Gumball Machines Manufactured Within A School

Not all of the gumball machines from which children get round and colorful candies have a traditional metallic base. Not all of them have been made in a factory setting. For a time, the students in one of California’s middle schools learned how to carve the base of a candy machine from a piece of wood.


During that period, that particular middle school had a wood shop teacher with an amusing name. Students had little reason to give him a clever nickname. The male students should have welcomed the opportunity to show their respect, and to address him by his proper name: Mr Woodman. Still, a large number of them choose to call him Woody.


Now at some point during Mr Woodman’s long career, he had learned how to transform a piece of wood into an item that could be used as the bottom section of a candy machine. Sometimes he shared his knowledge with a student. As a result Woody’s students created a number of gumball machines, while he remained a teacher, there at that one middle school.


After Mr Woodman had retired, and after his students had moved on to the high school, one mother, a woman who had heard lots of stories about Woody, wondered what activity he had chosen to pursue, after retiring from the teaching profession. She doubted that he devoted all of his time to making gumball machines. She realized that someone with his personality should have fun operating an example of cotton candy machine rental equipment, and she had seen a similar piece of equipment at an event intended to promote the introduction of a new product line.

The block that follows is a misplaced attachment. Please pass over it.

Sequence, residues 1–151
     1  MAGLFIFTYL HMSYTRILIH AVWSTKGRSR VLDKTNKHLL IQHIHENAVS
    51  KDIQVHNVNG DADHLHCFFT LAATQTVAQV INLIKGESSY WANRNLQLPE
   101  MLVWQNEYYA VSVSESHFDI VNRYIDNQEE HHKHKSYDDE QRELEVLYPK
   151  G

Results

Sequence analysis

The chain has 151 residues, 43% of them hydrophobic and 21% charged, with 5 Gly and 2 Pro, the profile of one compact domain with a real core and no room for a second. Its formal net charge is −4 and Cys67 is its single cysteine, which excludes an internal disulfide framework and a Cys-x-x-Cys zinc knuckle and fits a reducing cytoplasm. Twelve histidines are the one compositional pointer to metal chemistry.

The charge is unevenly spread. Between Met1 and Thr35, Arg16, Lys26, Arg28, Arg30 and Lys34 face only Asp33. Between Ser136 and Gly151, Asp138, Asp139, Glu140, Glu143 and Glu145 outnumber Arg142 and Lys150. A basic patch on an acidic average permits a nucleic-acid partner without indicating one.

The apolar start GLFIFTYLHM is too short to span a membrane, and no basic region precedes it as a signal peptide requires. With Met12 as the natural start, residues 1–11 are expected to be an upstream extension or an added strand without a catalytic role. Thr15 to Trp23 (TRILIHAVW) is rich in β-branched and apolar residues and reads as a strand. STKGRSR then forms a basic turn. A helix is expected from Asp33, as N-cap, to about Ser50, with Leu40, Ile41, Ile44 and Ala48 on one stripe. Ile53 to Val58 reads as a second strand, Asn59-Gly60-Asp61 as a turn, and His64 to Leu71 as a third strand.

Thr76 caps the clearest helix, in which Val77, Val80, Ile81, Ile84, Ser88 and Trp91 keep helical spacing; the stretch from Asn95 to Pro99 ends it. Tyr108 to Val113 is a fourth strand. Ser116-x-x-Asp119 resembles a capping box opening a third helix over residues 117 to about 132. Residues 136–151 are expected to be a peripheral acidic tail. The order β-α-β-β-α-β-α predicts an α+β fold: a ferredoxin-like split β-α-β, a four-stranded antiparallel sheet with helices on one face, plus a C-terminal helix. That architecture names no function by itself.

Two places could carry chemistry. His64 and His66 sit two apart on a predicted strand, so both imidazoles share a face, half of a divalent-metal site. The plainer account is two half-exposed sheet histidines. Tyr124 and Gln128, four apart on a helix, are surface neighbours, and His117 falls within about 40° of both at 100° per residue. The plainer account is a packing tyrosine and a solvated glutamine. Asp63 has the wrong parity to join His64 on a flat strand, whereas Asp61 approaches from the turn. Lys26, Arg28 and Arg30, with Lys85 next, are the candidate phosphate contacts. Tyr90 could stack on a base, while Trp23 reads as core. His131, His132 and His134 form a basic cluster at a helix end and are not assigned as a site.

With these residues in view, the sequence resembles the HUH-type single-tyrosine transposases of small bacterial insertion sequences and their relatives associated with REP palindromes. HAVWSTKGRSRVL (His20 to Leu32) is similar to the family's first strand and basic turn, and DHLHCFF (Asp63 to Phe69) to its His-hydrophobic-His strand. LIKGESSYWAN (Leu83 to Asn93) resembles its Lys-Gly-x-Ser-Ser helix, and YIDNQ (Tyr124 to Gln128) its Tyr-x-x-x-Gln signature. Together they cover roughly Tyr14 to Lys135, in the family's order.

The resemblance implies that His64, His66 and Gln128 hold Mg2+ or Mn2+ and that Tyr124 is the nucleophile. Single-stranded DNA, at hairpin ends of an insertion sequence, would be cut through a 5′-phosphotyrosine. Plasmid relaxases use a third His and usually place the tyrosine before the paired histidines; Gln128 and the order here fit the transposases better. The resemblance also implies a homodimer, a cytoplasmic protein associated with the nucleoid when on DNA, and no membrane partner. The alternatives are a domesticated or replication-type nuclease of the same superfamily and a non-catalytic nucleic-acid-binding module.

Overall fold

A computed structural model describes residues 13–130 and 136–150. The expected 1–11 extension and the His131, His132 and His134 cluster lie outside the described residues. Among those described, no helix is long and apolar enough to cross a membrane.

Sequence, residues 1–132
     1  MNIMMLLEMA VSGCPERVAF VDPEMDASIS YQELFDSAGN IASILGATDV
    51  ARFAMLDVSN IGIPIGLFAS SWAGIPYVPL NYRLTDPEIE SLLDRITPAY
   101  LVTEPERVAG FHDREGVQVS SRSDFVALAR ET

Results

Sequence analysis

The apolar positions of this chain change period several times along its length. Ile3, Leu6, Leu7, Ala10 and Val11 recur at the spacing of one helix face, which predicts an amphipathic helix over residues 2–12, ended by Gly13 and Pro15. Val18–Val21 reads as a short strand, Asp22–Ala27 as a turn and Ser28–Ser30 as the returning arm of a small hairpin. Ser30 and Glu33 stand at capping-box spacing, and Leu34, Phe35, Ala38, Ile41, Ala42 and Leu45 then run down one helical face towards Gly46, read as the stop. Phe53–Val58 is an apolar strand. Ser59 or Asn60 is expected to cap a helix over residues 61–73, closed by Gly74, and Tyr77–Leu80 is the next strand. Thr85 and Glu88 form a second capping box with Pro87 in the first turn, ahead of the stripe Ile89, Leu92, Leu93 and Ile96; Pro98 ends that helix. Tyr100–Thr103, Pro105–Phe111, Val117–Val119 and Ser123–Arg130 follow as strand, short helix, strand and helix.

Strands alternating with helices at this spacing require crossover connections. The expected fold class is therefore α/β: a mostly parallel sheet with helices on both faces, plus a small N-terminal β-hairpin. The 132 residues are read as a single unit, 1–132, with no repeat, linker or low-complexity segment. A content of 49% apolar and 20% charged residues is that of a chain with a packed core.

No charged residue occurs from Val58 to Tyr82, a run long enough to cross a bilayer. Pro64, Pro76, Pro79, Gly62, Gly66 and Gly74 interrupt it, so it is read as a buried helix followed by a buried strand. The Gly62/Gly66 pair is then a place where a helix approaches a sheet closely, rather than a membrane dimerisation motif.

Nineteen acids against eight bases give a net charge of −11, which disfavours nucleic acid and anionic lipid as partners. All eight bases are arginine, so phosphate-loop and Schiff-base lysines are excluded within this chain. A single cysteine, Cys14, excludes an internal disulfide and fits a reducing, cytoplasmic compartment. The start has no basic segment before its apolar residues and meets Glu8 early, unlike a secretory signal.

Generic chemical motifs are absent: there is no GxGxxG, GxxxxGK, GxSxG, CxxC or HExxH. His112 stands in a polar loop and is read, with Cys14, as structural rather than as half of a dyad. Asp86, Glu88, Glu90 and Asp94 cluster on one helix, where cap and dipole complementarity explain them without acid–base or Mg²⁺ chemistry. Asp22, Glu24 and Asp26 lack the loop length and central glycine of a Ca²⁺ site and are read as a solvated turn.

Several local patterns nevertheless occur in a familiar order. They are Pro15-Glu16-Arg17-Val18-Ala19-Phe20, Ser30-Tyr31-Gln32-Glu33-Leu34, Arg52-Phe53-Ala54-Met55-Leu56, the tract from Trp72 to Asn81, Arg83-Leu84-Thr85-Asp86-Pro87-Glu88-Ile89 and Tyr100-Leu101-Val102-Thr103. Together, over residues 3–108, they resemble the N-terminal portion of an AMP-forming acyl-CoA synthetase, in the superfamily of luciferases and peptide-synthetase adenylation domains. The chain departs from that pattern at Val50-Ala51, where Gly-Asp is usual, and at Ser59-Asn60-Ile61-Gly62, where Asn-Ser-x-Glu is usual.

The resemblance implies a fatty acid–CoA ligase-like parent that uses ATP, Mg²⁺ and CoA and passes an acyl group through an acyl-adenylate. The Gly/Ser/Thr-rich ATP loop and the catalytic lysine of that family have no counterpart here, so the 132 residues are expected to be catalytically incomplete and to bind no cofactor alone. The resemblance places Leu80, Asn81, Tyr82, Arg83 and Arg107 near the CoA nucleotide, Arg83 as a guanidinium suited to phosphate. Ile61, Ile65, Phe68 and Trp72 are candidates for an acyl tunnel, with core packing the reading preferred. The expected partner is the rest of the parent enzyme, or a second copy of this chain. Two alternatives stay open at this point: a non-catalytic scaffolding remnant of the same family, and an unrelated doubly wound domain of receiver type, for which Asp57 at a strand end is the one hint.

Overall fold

Of course such an item could serve as an attention-getting device at any social event. For example, it could be used at the sort of event held at the conclusion of a summer camp term. Alternately, it might aid the man or woman who wants to contribute to the liveliness of a church picnic or a large family reunion.


In fact, people have been eating cotton candy for so many decades, that a device capable of making that treat should be included within a list of classic party rentals. That listing almost surely would make mention of other items, items that represent copies of the sort of devices that have dotted the grounds of amusement parks for well over a century. For example, inflatable bouncers would certainly appear in such a listing. A party planning specialist might choose to put an inflatable bouncer next to a table of crafting supplies.


Gumball machines might then become one of the many things that have been designed and crafted by the young and old people at a party or picnic. Of course, those who hoped to introduce such an activity in a party situation would need to insure the safety of each man, woman or child who handled the carving knife. Perhaps one retired teacher in California could use that fact, in order to get a part time job, one that would provide that same fellow with the opportunity to interact with young people.